Recently, I had one of those coincidences where you hear a word or expression for the first time, then hear it again and sometimes a third or fourth time within a few days. The first time was at a meeting of the Remodeling Futures Program, part of Harvard's Joint Center for Housing Studies. The presenter was talking about a remodeling truism, namely that one remodeling project leads to another, and referred to this phenomenon as the “Diderot Effect.” I encountered the term again a few days later in an essay in the Washington Post magazine.

I had heard of the French writer Diderot, and I understood the domino effect that was being described, but I was curious about the origin of the expression “Diderot Effect.” Fortunately, you can find almost anything on the Web, and soon I was reading about a piece Diderot had written called “Regrets on Parting with My Old Dressing Gown.” It seems he had been given a new robe, and so had thrown his old one away. But now, none of his old stuff fit with the new garment. He ended up in near financial ruin from the cost of replacing most of his interior finishes and furniture.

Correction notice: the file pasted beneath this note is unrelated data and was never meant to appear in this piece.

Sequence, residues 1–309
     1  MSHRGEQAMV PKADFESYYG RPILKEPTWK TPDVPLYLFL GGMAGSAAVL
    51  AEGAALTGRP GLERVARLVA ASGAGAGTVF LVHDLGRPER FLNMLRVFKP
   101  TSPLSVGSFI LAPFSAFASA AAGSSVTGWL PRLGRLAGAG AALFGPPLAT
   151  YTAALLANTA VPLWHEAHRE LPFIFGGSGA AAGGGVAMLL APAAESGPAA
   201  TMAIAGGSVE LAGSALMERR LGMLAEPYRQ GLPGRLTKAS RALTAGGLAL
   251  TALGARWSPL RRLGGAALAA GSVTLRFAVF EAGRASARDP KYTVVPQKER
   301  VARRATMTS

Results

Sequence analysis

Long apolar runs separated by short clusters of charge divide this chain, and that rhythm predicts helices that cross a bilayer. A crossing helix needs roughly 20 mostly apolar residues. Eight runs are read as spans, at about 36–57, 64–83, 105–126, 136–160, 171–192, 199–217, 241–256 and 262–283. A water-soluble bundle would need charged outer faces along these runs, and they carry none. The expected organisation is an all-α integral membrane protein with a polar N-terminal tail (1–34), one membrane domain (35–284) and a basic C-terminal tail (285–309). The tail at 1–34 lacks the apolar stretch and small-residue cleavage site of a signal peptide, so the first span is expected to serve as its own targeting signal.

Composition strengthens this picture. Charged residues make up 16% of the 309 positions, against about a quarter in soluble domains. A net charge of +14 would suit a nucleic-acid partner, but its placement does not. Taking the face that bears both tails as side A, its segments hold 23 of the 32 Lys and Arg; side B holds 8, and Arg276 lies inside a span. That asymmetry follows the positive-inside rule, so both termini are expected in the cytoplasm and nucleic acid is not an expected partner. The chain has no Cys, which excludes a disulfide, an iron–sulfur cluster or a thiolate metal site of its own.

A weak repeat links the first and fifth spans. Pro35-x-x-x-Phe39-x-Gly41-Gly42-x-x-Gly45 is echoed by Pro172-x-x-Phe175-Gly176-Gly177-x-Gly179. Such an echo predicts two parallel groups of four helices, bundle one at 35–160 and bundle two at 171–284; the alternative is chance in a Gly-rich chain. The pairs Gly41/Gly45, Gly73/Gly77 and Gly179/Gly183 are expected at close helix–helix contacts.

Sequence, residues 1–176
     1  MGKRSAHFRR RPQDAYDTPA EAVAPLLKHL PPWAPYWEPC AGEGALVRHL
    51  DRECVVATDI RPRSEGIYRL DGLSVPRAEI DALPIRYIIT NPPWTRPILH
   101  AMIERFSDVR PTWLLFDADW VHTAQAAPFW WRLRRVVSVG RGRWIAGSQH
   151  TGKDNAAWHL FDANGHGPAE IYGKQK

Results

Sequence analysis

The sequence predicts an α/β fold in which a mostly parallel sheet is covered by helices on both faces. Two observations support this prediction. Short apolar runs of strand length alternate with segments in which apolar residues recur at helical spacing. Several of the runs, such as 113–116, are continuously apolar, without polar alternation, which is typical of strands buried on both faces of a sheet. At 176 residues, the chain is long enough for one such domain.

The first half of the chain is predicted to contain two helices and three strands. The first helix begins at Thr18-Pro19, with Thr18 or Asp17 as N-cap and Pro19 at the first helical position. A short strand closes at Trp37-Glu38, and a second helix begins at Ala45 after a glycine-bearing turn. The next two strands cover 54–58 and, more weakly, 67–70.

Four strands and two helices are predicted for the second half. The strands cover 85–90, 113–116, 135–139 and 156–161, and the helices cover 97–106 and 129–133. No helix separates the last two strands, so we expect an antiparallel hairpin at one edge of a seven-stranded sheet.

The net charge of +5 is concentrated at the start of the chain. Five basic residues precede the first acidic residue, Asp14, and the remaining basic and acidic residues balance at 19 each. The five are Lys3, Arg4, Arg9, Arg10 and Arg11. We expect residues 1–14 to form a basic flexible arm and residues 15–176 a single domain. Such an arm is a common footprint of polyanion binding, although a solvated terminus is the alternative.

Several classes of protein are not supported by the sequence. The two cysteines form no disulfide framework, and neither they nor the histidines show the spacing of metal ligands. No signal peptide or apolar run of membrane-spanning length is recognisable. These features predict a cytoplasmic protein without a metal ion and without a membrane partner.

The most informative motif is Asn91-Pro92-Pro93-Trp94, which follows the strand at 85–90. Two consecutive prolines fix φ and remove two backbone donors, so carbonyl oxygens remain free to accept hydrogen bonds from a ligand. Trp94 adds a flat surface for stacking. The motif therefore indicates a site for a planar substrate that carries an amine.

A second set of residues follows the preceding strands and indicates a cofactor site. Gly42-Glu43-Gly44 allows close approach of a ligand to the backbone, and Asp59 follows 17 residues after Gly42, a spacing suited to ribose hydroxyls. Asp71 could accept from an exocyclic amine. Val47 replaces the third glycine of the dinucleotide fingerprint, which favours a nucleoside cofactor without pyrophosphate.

Remodeling clients often find themselves faced with Diderot's dilemma. The source is not a new piece of clothing but rather a remodeling project that fixes, upgrades, or in some other way alters and improves some section of their home. Though it may come as a surprise to them, they quite predictably realize that the rest of their home pales by comparison to the new work. So they undertake another remodeling project to upgrade the most egregious example, and the cycle repeats itself until the whole house has been redone. A window replacement leads to new interior paint, which leads to new tile in the entry, which leads to new flooring in the kitchen, which leads to new cabinets and countertops.

Why bring this up now? For two reasons. First, past customers are still the leading source of new work for most remodeling contractors, mainly because of the Diderot Effect. Actually, it's a kind of double Diderot Effect because they not only work the cycle on their own home, they refer their remodelers to their friends, relatives, and neighbors, where the cycle begins anew.

Second, it's the holiday season, a time when businesses traditionally communicate with past customers. Never mind that, even though you know better, you've neglected them all year long. Something in the spirit of the season compels even the most marketing averse remodeler to send a card to past clients. But just it case it hasn't, the Diderot Effect gives you another reason. Happy Holidays.